COVID-19 Emergency Situation Report 29

Graphic OCHA

OCHA  /  March 29, 2021

UN Office for the Coordination of Humanitarian Assistance


  • In March, active cases in the oPt rise by nearly half; active cases in Gaza more than triple. 
  • Significant rise in patients in intensive care units and in those requiring mechanical ventilation.
  • The Palestinian authorities vaccinated over 70,000 people by end of March, including 8,000 with both doses.

 Situation Overview

March witnessed a 48 per cent increase in active COVID-19 cases in the oPt, with 62,529 additional Palestinians testing positive, and 53,814 people recovering, according to the Palestinian Ministry of Health (MoH). The cumulative number of cases is 270,878, with 242,968 people recovered from the virus. The number of patients in intensive care units (ICU) increased significantly from 117 at the end of February to 209, with those requiring mechanical ventilation rising from 26 to 68.

A total of 622 people died during March, compared with 274 in February, bringing to 2,881 the cumulative number of fatalities due to the virus: 2,270 in the West Bank, including East Jerusalem, and 611 in the Gaza Strip. The Case Fatality Rate (CFR), the proportion of deaths among confirmed cases, remains at 1.1 per cent in the oPt, the same as in Jordan, compared with 0.75 in Israel and 5.9 per cent in Egypt.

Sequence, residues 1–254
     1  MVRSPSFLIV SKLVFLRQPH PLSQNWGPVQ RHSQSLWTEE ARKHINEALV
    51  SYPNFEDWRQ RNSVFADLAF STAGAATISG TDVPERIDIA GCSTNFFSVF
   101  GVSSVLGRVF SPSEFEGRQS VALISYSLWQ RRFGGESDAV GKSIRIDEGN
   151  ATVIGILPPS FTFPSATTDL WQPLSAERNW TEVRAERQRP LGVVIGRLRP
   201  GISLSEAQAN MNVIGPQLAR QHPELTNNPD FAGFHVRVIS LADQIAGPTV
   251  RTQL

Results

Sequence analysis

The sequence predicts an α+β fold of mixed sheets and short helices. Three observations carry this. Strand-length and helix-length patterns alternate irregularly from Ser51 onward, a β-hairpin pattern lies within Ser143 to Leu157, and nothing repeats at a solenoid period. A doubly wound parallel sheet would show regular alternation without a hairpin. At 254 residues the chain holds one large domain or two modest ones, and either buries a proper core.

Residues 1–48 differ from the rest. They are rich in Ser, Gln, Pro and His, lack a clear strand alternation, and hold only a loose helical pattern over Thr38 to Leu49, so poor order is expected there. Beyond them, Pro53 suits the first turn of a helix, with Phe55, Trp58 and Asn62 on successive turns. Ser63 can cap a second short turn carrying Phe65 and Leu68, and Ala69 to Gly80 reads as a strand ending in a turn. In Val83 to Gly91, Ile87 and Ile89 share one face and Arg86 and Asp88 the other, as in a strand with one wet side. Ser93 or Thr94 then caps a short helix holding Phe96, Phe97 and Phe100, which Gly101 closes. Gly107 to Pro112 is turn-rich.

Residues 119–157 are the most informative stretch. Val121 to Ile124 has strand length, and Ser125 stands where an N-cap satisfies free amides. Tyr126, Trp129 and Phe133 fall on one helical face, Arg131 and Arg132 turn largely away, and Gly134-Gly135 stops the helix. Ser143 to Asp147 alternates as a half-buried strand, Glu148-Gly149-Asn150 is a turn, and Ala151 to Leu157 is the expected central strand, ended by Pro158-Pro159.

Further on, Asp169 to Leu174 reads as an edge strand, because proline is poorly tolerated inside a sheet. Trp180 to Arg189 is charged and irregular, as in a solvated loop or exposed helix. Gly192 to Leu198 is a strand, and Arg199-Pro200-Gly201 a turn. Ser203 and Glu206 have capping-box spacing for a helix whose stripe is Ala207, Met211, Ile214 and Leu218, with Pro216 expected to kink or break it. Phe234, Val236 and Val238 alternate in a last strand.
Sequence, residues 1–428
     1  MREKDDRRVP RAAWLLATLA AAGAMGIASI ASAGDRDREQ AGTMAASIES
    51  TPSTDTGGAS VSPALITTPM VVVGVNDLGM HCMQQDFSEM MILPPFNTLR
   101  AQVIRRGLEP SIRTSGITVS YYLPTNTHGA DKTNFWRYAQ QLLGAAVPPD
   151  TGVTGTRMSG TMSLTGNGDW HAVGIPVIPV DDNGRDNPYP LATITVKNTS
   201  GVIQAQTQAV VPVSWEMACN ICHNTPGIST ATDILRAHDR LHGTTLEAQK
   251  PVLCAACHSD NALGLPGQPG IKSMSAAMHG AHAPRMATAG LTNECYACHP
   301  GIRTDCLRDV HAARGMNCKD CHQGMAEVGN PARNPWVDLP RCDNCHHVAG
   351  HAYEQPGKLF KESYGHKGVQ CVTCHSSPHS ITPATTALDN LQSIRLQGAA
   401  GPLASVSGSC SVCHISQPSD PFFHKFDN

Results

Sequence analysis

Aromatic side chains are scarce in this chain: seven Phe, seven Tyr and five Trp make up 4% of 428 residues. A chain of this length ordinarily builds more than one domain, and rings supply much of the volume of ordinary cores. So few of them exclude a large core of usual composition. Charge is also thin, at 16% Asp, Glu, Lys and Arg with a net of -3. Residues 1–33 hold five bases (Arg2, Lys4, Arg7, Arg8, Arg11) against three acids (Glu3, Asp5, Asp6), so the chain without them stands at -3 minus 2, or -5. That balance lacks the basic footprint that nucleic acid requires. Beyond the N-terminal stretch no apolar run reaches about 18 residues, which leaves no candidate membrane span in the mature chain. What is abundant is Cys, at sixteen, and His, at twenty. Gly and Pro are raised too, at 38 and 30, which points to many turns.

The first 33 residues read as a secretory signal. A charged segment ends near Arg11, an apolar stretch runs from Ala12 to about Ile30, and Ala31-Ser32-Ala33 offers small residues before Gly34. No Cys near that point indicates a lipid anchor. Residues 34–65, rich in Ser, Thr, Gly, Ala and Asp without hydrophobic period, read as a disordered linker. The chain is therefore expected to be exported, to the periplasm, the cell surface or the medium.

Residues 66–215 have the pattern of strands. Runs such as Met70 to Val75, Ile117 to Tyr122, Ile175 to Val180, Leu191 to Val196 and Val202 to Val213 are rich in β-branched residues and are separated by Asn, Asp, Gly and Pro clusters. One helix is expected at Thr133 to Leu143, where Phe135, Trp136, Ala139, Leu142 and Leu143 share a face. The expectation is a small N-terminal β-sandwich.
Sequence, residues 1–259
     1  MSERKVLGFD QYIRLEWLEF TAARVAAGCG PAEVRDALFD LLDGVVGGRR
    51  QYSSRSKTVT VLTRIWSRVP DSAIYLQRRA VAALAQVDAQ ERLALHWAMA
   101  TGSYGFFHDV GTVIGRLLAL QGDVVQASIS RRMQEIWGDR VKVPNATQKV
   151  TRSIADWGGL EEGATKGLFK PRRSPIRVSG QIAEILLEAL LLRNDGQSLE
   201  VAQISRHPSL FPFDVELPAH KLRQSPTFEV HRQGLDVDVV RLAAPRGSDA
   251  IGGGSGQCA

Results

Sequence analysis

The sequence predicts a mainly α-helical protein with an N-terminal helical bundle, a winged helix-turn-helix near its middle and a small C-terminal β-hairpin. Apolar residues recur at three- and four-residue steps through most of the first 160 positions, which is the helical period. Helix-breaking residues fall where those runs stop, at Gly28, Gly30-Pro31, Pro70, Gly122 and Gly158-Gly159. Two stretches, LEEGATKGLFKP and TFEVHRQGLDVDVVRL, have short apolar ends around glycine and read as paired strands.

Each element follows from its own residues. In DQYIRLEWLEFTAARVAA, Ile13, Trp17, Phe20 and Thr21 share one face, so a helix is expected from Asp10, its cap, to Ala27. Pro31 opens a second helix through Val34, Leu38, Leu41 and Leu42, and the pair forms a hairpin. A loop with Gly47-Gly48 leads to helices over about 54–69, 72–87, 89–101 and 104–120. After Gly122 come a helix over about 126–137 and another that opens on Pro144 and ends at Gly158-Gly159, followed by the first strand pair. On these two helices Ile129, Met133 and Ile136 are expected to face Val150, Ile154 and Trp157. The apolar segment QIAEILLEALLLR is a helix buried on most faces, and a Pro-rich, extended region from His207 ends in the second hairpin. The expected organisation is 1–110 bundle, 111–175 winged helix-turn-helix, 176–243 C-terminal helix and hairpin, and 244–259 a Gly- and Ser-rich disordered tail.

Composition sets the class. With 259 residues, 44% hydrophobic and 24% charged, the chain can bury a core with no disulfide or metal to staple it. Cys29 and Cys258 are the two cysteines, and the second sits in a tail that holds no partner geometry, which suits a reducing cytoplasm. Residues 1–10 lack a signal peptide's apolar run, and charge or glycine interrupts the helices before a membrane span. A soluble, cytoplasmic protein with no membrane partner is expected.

In the West Bank, including East Jerusalem, there was a 13 per cent increase overall in cases in March, from 15,199 to 17,122. After a 61 per cent decline in February compared with the previous month, active cases in Gaza surged by 356 per cent (from 1,737 to 7,917). By the end of the month, Gaza accounted for 32 per cent of all active cases in the oPt, compared with 10 per cent at the end of February. In the West Bank, the Nablus governorate registered 21 per cent of all active cases in the oPt, followed by Hebron (10 per cent), Jenin (eight per cent), and Tulkarm (seven per cent).

On 30 March, health authorities in Gaza confirmed the first cases of the new variant B.1.1.7, first identified in the UK, which is also known to be responsible for the recent increase in cases in the West Bank. In both West Bank and Gaza, the surge has led to the re-introduction of various levels of restriction.

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